Frances Stewart, Duchess of Richmond and Lennox, Countess of Hertford, née Howard (27 July 1578 – 8 October 1639) was the daughter of a younger son of the Duke of Norfolk. An orphan of small fortune, she rose to be the only duchess at the court of James I of England. She married the son of a London alderman who died in 1599, leaving her a wealthy widow at a young age. She became, for 20 years, the third wife of the ageing Edward Seymour, 1st Earl of Hertford, nephew of Jane Seymour, third queen consort of Henry VIII. Within months of Edward's death she married a cousin of James I, Ludovic Stewart, 2nd Duke of Lennox and 1st Duke of Richmond. One of the great beauties of the Jacobean court, she was also the patron of Captain John Smith of the Virginia Colony.
|Duchess of Richmond
Duchess of Lennox
Countess of Hertford
Frances Howard as Countess of Hertford, by Marcus Gheeraerts the Younger.
|Born||27 July 1578|
|Died||8 October 1639 (aged 61)|
Edward Seymour, 1st Earl of Hertford
Ludovic Stewart, 2nd Duke of Lennox
|Father||Thomas Howard, 1st Viscount Howard of Bindon|
Frances Howard was the daughter of Thomas Howard, 1st Viscount Howard of Bindon (c. 1520–1582) and his wife Mabel Burton, daughter of Nicholas Burton. Lord Howard was the third and youngest son of Thomas Howard, 3rd Duke of Norfolk, by his second wife Elizabeth Stafford, daughter of Edward Stafford, 3rd Duke of Buckingham.
Orphaned at a young age, Frances Howard "was married off" to Henry Pranell, the son of a rich wine merchant and alderman and a patron of the Virginia Company, in early 1592. The marriage apparently displeased Lord Burghley, who had other plans for the descendant of two Dukes than marriage with a vintner; Pranell was moved to write a letter of apology to Burghley:
Right honorable and my verie good Lorde, being to my greate griffe [grief] certified, how your Honor by misinformacon shoulde be incensed ageinste me, and daring not presume into your Lordshipps presence, either to excuse my self, or to craue pardon for my amisse, I thought it my dutie in these fewe lines with submission to acknowledge my faulte, and vnder your Honors fauoure with all humilitie to alledge somewhat for my selfe. True it is, my Lorde, that I haue maried Mw. Fraunces Howarde, daughter to the Lorde Thomas Howarde, Viscount Howarde of Bindon deceased, but I protest (as I desire your Honors patronage) I did not begine my sute without the liking of her freindes, I proceeded not without their furtherance, neither can they justifie I maried her ageinst their wills. The gentlewoman I haue a longe time loued dearlie, being bounde therevnto by her mutuall liking of me: litle or nothing I expected with her, considering she had litle or nothing to mainetaine and preferr her self; she being destitute of freindes and abilitie I thought it a most frindlie parte (with her good acceptance) to present her my selfe, and therbie to make her partaker of all wherwith God hath blessed me: wherbie (as latelie I vnderstoode) I haue (though not willfullie offended), jet [yet] ignorantly incurred your Lordships just displeasure, as not knowing that your Honor minded otherwise to haue preferred her…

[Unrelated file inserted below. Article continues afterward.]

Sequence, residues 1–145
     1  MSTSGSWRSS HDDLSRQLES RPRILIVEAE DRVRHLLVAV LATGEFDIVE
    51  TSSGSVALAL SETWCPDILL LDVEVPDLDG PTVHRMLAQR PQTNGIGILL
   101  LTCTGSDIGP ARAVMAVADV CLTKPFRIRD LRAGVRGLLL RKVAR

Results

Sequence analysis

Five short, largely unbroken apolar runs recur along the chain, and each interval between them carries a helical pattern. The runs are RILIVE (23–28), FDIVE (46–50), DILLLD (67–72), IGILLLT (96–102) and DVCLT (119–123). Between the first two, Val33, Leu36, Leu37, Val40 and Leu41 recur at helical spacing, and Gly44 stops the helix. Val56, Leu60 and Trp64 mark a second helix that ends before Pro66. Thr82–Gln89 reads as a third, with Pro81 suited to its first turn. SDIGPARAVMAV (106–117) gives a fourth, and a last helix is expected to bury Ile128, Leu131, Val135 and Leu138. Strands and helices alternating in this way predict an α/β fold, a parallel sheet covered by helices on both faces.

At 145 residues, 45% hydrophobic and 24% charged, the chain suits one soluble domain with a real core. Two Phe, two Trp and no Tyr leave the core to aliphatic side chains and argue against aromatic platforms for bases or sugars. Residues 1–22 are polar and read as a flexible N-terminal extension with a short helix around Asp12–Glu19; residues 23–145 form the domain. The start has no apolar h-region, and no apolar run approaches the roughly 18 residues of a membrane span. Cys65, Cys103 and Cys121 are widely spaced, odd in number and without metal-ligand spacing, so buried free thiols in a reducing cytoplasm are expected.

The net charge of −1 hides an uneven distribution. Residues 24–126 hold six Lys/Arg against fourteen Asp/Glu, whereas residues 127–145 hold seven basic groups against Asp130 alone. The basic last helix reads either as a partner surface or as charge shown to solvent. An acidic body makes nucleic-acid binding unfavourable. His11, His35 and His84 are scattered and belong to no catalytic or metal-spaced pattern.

Pranell died in 1599, leaving his wife a wealthy widow at the age of 20 or 21. "A woman of enormous social ambition", she abandoned a suitor, Sir George Rodney, and secretly married the widowed Edward Seymour, 1st Earl of Hertford (1537–1621) on 27 May 1601. Hertford was some forty years older than his third wife, and was the son of Edward Seymour, 1st Duke of Somerset, Lord Protector in the reign of Edward VI, and the nephew of King Edward's mother, queen Jane Seymour. The marriage was performed clandestinely by Thomas Montfort without banns or license, for which Monfort was suspended for three years by Archbishop John Whitgift.
When the secret marriage became public, the distraught Rodney shut himself up in a chamber at an inn, wrote a "large paper of well-composed verses" to the Countess in his own blood, and "ran himself upon his sword."
Hertford died in 1621, and some two months later his widow married Ludovic Stewart, 2nd Duke of Lennox in the peerage of Scotland. Stewart was the cousin of King James, a Privy Councillor, and Steward of the Royal Household. He was created Earl of Newcastle upon Tyne and Duke of Richmond in the peerage of England on 17 August 1623, and Frances Stewart became known as the "Double Duchess".
The duke died suddenly in bed in his lodging at Whitehall, on the morning of 16 February 1623/24. Stewart left no children, and the dukedom of Richmond and earldom of Newcastle upon Tyne became extinct upon his death. The dukedom of Lennox was inherited by his younger brother Esmé Stuart, 3rd Duke of Lennox (1579–1624). His wife retained the title Duchess of Richmond until her own death on 8 October 1639. She was buried in Westminster Abbey next to her third husband, in the "magnificent" tomb she had had erected in his memory.
The widowed Duchess of Richmond provided financial support for the publication of Captain John Smith's Generall Historie of Virginia, New-England, and the Summer Isles, which was issued in 1624 with a dedication "to the Illustrious and Most Noble Princesse, the Lady Francis, Duchesse of Richmond and Lenox."
"[A] typical Howard woman, fair-haired and beautiful", Frances Stewart was painted by leading artists of the age, including Marcus Gheeraerts the Younger, William Larkin (a protégé of her second husband, the Earl of Hertford), and Anthony van Dyck. Several portraits of her survive, as originals or copies.